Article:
The Bronx and Staten Island, too…

In previous posts, I have waxed upon such cocktails as the Sazerac, the Old Fashioned–these two are similar enough to be almost interchangeable, and both argue the place of the “original” cocktail, the Sazerac being a more localized choice until recent years–and the Martini. I would like to speak of another cocktail, a classic, one that forms a cornerstone of the compendium.

A town so nice, they named it twice

A town so nice, they named it twice

Although the Manhattan had its genesis in the 19th century, it reached its zenith during the time of Prohibition, as did most cocktails, their very illegality perhaps being an inspiration.

Start with a dash of bitters and a generous dollop of vermouth. I prefer shaken to stirred

Start with a dash of bitters and a generous dollop of vermouth. I prefer shaken to stirred

It has always had an American whiskey as its origin, most commonly Rye (the whiskey of the American northeast, composed of over 50% rye grain, as opposed to bourbon, which is composed of over 50% corn (the xenophobe inherent in us all would like me to declare that ALL bourbon must be made within the boundaries of the state of Kentucky–just as all Champagne is made within its own particular regions of France, but I have sampled utterly delightful Bourbons made in California and Texas, and so must admit to a newfound embracement of geography as far as that particular whiskey is concerned, though I stick to my guns as far as Champagne is concerned. Cavas, proseccos, and American sparkling wines can be magnificent–and even a better choice than a common Champagne as an everyday beverage–but if the wine isn’t bottled and fermented within a specific region of northeast France, it just ain’t Champagne.) But I’ve managed to get off topic.

A Manhattan is named for the most famous borough of New York City, arguably the most famous island in America, if not the world. (Maybe Britain’s better known, and I’m sure the Australians would argue in their favour. As a California native, I favour Catalina as far from the California coast as Manhattan is long.) But Manhattan, a bargain bought for a bundle of beads, will forever hold, apocryphally, the world’s heart as the island that is the heart of America.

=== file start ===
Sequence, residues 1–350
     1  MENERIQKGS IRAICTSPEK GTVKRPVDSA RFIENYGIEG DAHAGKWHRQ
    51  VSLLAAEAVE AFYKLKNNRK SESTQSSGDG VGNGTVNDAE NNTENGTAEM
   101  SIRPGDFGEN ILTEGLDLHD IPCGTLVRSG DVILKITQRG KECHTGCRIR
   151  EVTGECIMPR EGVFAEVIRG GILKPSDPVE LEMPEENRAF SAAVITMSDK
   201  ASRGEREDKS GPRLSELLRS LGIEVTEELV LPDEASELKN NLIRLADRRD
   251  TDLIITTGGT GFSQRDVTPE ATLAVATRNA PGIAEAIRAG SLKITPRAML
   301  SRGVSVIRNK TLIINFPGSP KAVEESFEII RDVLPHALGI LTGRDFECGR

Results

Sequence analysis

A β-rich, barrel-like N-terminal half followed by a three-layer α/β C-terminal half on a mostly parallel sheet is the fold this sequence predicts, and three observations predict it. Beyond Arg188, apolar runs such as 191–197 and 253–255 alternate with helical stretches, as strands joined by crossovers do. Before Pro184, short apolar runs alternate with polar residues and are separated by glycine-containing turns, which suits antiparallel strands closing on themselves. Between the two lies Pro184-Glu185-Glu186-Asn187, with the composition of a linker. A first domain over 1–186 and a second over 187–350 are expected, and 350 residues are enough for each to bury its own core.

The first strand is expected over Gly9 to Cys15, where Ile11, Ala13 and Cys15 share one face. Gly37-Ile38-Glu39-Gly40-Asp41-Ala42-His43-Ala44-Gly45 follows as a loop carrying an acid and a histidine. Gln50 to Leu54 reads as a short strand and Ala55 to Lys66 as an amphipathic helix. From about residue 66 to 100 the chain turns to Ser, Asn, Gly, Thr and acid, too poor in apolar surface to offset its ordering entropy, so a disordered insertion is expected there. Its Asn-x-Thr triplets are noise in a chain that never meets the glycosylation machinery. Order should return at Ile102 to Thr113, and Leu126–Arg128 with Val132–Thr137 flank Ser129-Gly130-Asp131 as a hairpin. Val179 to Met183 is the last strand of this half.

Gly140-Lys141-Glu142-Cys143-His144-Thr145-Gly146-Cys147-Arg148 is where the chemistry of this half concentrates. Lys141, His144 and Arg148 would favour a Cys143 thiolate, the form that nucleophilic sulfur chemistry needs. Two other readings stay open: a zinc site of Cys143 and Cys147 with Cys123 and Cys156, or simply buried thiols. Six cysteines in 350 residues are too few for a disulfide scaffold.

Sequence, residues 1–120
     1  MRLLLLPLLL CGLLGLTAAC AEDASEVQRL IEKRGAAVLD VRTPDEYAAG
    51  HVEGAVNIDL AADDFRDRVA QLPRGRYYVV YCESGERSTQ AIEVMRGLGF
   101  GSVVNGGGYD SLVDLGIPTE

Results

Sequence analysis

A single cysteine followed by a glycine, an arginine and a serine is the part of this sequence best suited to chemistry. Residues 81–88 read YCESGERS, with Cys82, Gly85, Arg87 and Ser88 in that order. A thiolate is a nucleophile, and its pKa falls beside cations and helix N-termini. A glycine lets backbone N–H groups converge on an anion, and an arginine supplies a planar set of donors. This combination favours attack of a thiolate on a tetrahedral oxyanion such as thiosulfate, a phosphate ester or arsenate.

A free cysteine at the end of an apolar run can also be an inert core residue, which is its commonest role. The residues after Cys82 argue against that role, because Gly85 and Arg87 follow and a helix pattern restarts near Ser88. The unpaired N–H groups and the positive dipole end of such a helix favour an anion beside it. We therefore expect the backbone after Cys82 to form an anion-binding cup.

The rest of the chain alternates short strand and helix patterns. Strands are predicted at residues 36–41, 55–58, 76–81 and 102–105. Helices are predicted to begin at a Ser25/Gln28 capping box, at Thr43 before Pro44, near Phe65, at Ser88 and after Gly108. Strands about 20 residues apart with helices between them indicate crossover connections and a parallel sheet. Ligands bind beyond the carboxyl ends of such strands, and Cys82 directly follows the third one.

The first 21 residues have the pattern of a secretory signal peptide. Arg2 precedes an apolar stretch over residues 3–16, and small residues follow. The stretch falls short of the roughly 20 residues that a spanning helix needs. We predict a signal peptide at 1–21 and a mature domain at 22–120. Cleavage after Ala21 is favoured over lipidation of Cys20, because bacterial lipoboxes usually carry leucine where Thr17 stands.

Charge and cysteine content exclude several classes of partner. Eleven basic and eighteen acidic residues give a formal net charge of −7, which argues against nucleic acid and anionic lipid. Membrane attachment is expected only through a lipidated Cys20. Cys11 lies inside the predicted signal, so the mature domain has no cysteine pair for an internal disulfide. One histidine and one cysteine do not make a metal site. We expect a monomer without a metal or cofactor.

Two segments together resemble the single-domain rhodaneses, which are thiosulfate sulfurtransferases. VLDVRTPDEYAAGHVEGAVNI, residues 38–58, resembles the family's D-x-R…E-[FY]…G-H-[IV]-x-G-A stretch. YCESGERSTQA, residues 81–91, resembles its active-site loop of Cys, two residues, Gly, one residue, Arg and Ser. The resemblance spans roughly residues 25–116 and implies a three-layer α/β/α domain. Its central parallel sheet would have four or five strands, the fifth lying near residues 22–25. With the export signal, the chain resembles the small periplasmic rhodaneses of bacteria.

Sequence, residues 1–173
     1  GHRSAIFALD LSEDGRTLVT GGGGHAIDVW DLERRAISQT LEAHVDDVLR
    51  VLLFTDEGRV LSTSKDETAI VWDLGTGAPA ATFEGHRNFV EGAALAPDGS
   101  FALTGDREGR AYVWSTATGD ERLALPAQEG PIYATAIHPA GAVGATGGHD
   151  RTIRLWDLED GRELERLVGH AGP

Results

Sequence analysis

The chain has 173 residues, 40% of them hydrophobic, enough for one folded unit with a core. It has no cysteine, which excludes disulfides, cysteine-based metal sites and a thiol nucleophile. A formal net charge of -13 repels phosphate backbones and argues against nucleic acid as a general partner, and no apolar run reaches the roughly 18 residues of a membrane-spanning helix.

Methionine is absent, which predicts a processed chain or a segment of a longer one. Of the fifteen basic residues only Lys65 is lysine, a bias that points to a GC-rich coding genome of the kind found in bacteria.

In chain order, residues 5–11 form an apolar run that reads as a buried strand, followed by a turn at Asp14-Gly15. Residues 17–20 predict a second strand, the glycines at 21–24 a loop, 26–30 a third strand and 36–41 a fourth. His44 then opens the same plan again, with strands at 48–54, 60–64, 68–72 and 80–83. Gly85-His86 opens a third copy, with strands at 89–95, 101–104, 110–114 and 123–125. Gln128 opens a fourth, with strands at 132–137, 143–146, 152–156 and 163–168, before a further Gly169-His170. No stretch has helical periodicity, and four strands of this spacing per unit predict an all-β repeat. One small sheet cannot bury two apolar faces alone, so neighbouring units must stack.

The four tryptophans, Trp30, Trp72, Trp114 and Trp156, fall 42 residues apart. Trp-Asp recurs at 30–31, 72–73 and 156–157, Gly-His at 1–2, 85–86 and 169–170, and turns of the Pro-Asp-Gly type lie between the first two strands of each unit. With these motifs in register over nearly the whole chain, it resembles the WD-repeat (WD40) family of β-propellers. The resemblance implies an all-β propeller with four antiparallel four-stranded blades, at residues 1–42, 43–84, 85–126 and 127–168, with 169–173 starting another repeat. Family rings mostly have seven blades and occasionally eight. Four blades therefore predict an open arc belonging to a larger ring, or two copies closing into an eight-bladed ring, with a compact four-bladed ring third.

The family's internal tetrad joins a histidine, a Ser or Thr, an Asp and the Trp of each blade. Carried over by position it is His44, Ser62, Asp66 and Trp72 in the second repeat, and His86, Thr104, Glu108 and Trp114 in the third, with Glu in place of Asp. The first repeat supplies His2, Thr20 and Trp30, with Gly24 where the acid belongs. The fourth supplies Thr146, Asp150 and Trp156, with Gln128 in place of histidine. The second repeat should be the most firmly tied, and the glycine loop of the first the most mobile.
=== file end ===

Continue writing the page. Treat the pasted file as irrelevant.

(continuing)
How ironic, then, that the height of the Manhattan’s popularity occurred during Prohibition, when the cocktail was made from Canadian Whisky (note the absence of the e) which is a close cousin to rye; when Manhattans were made from illegally sourced whiskeys, such palliatives as sweet vermouth (also smuggled) and bitters became an ever more important component to the cocktail.

Bulleit Rye is a mellow flavoured, delightul addition to the Bulleit family of Bourbon.

Bulleit Rye is a mellow flavoured, delightful addition to the Bulleit family of Bourbon.

Cocktails reached their nadir during the late 60s and 70s, as Julia’s Gallic influence reached the nation (though she was always a fan of a not particularly dry Martini) and the rise of the American wine market, California wines outjudging French in the ME decade.

Today, an authentic Manhattan is composed of Rye, sweet vermouth, and bitters, garnished with a Maraschino cherry. My own particular recipe is composed of 3 oz whiskey, 1 oz sweet vermouth (I prefer Martini & Rossi Rosso–whenever I called out that name, it made Myrtle crazy)

If you're making a Martini go for Noilly Prat or other small house made Vermouth, but Martini is marvellous for a Manhattan

If you’re making a Martini go for Noilly Prat or other small house made Vermouth, but Martini is marvellous for a Manhattan

and a generous dash of bitters. I can’t even with the bitters tonight: Angostura or Peychaud’s are easiest to find, but specialty stores will give you a rainbow assortment that will subtly (or gaudishly) affect the flavour of the Manhattan. I prefer Luxardo cherries to the traditional Maraschino–they are pre Red 40,  and flavoured with Maraschino liqueur–and taste less like plastic. They don’t come with stems, though, so you can’t enjoy the tongue tying experience Audrey Horne had in Twin Peaks.

Absent the artificial colours and flavours, the Luxardo is the patient zero of the maraschino cherry.